For the IFA, 10 μL of a 1/100 dilution of formalin-inactivated F. tularensis spp. holarctica strain LVS with an OD600nm of 1.0 was placed on immunofluorescence slides cleaned with ethanol (BioMerieux, Marcy I'Etoile, France). Slides were dried for 2 h at room temperature and fixed with ice-cold methanol for 15 min. Blocking was done with 5% goat serum (Gibco/Invitrogen, Karlsruhe, Germany) in 1% bovine serum albumin/PBS for 30 min at room temperature. Sera were diluted 1/150 and 25 μL was added and incubated for 30 min at 37 °C. After washing with PBS the Alexa®488 conjugated secondary goat anti-human antibody (Molecular Probes, Karlsruhe, Germany) was added for 30 min at 37 °C and slides were washed with PBS. Mounting was done with Prolong Gold Antifade plus 4′,6-diamidino-2-phenylindole (DAPI) (Molecular Probes) according to the manufacturer's instructions and preparations were examined by fluorescence microscopy.
Data were acquired with an AxioCam MR camera (Zeiss) driven by axiovision software (version 4.4, Zeiss) and processed using Adobe Photoshop CS2 (Adobe Systems) software.
For evaluation purposes we used 177 clinical sera from France for our in-house assay and tested 65 (36.7%) positive in lipopolysaccharide ELISA as a prescreening method (Table 1), which is in accordance with the microagglutination assay (Koskela & Salminen, 1985) used as a screening method by the provider. The level of accordance between Western blot and agglutination assay was 64%, between Western blot and ELISA 78%, whereas the divergence was due to false positive results in the agglutination assay as also seen in ELISA.
Table 1. Detection of antibodies against Francisella tularensis in different serum collections
To confirm the ELISA results, we further examined positive tested sera by Western blot and found 50 (29.4%) showing the typical lipopolysaccharide banding pattern. Sera from mainly healthy people were used as the negative group to validate the serological assays. We found 12 (5.4%) to be positive in ELISA, but confirmed just one (0.4%) in Western blot. From the negative group, we defined the cut-off values for lipopolysaccharide ELISA as OD<0.25 (mean+1 SD) for negative samples, from OD 0.25 to 0.4 were suspicious and sera with ODs≥0.4 (mean +2 SD) were positive. ELISA suspicious and positive sera were admitted to confirmatory Western blot. Sera showing high background or unspecific bands in Western blot but no lipopolysaccharide ladder were stated as negative (not shown).
To investigate the prevalence of tularemia among individuals from risk groups, we tested 286 serum samples from German hunters living mainly in the western regions of Germany (Fig. 1, group 1, green boxes) and 84 serum samples from hunters living in an area surrounding Berlin (group 2, blue boxes) for the presence of antibodies against F. tularensis by standard lipopolysaccharide ELISA. Eighteen sera (6.3%) from hunters group 1 were tested positive in ELISA, whereas five (1.7%; 95% CI 0.6–4.0%) out of 18 could be confirmed by Western blot, showing the typical lipopolysaccharide ladder on F. tularensis extract (Fig. 2) with mean intensities of 2 or 3. Additionally, these sera were verified by IFA. Two hunters, namely 61 and 114, showed weak Western blot signals with mean intensities of 1 and also weak IFA signals and were stated as borderline, but not calculated as positive. The sera of hunters 124 and 206 showed the highest signals and this also correlates with the signal intensities from the IFA. The Western blot signals were given in mean intensities and were in accordance with the ELISA ODs ranging from 0.56 to 1.72 in triple experiments (mean values) as shown in Table 2. Intensity 1 indicates a weak positive signal (borderline), 2 indicates a strong signal and 3 a high signal compared to the positive control.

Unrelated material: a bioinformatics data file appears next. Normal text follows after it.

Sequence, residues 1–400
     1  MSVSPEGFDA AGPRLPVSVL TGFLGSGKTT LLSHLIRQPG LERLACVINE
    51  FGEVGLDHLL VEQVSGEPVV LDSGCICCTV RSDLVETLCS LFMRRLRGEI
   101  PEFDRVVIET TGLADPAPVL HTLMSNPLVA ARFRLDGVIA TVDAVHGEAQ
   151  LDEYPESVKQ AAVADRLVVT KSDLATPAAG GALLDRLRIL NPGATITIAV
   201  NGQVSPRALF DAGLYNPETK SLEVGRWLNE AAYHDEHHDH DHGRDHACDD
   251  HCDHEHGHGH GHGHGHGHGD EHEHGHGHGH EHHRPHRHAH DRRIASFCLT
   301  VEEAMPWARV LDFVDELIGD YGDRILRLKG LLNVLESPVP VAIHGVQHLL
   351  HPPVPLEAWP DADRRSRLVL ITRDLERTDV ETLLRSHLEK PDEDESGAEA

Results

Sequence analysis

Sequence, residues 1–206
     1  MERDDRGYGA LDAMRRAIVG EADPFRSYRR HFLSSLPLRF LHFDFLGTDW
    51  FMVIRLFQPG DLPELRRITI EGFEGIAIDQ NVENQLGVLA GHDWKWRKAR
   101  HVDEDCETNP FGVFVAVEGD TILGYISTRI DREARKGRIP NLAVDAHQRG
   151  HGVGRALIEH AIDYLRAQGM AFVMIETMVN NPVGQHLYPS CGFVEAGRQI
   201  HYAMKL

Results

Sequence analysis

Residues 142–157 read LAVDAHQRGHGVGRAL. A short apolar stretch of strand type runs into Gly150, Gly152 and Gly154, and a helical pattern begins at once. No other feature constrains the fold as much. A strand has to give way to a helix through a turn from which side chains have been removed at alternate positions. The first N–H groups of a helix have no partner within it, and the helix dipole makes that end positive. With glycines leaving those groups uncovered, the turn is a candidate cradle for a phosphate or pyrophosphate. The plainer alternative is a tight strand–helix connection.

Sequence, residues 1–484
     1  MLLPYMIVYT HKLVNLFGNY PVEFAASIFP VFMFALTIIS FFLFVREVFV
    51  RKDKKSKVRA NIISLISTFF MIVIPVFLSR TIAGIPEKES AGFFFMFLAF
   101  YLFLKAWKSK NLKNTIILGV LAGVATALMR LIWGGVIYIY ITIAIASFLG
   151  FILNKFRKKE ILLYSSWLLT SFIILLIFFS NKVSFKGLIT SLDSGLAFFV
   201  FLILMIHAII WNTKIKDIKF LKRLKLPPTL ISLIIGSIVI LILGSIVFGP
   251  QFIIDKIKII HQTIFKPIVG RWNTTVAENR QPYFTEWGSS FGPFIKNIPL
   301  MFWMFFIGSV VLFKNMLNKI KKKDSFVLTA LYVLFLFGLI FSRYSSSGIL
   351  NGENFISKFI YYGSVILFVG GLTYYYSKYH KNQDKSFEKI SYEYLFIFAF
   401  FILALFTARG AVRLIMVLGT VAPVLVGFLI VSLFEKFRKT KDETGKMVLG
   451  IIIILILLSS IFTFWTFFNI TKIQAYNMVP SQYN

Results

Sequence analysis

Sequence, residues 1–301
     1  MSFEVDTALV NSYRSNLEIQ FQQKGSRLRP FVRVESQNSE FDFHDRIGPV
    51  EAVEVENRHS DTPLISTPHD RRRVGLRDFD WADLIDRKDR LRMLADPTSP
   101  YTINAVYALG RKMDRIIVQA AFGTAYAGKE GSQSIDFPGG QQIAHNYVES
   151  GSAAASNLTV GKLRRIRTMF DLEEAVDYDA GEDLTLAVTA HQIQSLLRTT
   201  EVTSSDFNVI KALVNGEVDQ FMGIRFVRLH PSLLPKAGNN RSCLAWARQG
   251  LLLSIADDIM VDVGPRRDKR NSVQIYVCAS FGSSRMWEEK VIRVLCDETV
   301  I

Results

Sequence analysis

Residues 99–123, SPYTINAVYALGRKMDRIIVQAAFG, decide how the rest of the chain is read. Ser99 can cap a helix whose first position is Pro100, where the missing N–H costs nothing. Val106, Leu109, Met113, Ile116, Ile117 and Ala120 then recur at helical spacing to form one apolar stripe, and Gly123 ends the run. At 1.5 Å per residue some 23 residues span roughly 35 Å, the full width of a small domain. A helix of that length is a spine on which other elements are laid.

Table 2. Summary of positive results of hunters from western parts of Germany (group 1) and the Berlin area (group 2)
# Hunter group 1
Western blot (mean intensity)
Immunofluorescence (mean intensity)
Samples testing positive for tularemia antibodies.
Four of the five clearly Western blot and IFA positive-tested hunters were male; the mean age was 41 years. Three of them reported hunting and consuming hares and rabbits on a regular basis. All hunters lived in the bordering states of Hesse, Bavaria, Northrhine-Westfalia or Rhineland-Palatinate (Fig. 1, red boxes). Two hunters reported clinical symptoms: one hunter experienced severe pneumonia 2 years ago. At that time, tularemia was not considered as diagnosis. The second hunter suffered from chronic muscle pain and hepatitis of unknown origin. No clinical symptoms were reported from the remaining three hunters.
Figure 3 shows examples for a positive and a negative serum in the IFA from hunter 206 (group 1) and from hunter 571 from group 2, respectively. In (a) is shown the positive sample with a clearly visible ring structure around the bacteria (left picture), whereas it is absent in the negative probe (Fig. 3b, left). In the middle is the DAPI staining of the bacteria shown and the merge shows the overlap of Alexa®488 staining and DAPI.
From group 2 only three sera (3.3%) had suspicious ODs in ELISA (Table 2), and were tested in Western blot, but showed neither a lipopolysaccharide ladder in Western blot nor a significant ring structure in IFA. This means no hunter from this group was tested positive in any assay (95% CI 0–0.04%).